A study confirms that social networks play an important role in the nutritional decisions of Chileans


The Chilean diet has changed over the years, incorporating new ways and food trends whose main objective is to take care of people’s health and help them control their weight. This is reflected in the “Radiography of Food in a Pandemic” study, conducted jointly by Aramark and Cadem.

The use of social networks is causing significant changes in the way Chileans relate to food. In the findings of the study, it is found that 63% of respondents say they use tools such as Google to get information about food, meals and recipes. Along with this, 52% of respondents search for this content through platforms such as YouTube, Facebook and Instagram. These figures are far from the 11% who say they seek advice from food professionals such as nutritionists.

Similarly, of the total number of respondents, 39% say they know characters or influencers who promote healthy eating through social networks. 81% give a score out of 5 to the content they deliver and ensure that it is quality information. In fact, 69% use this information in their cooking.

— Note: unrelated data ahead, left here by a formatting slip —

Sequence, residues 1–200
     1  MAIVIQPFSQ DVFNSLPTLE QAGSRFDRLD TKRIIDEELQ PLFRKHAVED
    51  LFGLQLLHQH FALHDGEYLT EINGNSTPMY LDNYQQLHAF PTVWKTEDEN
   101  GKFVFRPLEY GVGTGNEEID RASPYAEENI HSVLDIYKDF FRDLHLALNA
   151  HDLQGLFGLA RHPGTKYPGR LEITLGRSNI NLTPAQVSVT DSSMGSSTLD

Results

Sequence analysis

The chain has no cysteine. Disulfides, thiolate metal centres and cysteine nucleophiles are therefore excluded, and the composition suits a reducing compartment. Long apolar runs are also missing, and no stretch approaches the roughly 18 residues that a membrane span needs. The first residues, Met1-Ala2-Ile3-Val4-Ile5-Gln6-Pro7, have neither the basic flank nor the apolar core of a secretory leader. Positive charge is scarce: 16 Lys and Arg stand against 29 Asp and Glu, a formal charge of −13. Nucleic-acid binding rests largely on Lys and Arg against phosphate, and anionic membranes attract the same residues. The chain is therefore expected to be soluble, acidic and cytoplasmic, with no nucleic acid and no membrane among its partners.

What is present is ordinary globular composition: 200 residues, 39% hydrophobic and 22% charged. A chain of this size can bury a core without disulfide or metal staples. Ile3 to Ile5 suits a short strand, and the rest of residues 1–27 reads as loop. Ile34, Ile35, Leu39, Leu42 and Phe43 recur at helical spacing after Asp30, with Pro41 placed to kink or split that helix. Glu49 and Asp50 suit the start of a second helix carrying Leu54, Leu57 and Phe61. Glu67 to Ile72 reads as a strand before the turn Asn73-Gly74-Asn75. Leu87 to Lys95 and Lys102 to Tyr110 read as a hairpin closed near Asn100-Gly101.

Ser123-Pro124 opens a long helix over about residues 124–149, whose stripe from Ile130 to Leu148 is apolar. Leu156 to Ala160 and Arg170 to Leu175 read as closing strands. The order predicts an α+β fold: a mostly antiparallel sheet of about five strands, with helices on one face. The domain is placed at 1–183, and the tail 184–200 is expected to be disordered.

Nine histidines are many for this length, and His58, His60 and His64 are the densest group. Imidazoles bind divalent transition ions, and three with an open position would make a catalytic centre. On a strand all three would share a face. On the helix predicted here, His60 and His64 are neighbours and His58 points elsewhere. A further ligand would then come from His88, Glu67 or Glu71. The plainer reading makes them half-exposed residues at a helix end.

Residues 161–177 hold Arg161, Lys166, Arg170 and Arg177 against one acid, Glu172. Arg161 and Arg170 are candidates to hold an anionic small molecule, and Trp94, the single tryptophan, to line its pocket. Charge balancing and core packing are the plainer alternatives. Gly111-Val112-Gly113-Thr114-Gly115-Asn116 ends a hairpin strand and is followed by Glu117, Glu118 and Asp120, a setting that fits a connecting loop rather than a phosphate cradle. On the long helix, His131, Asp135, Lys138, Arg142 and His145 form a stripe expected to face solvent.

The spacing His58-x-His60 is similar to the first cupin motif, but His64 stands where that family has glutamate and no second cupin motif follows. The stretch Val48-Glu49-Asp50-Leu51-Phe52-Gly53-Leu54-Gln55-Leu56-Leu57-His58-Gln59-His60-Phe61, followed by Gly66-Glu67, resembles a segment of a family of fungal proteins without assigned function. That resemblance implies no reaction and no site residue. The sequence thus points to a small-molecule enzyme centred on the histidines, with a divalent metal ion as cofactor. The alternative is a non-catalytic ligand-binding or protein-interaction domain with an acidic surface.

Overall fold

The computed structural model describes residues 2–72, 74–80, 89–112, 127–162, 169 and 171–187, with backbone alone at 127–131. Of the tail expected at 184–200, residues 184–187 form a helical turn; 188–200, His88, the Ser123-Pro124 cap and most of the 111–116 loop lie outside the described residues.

“These numbers draw attention to health and what healthy eating means. While social media can provide quality content quickly and easily, it is important that when we follow a diet specific, we were looking for the advice of a professional capable of monitoring and providing recommendations based on the particularities – both health and daily routine – of each person”, says Evelyn Figueroa, sector manager and program coordinator healthy living at Aramark Chile.

Diets and eating styles

Regarding changes based on new trends, 64% of respondents say they follow a certain eating style, highlighting the non-consumption or low consumption of certain foods such as: refined sugar, lactose and gluten. In addition, the other alternatives indicated are: intermittent fasting (17%), high protein diet (15%) and vegetarianism (10%), a trend that most women without children or dependent minors report having.

Along with those mentioned above, the study also highlights that 61% of respondents would be willing to pay a little more money for fresh food instead of packaged or canned food. 57% would do the same for sustainable and environmentally friendly products.


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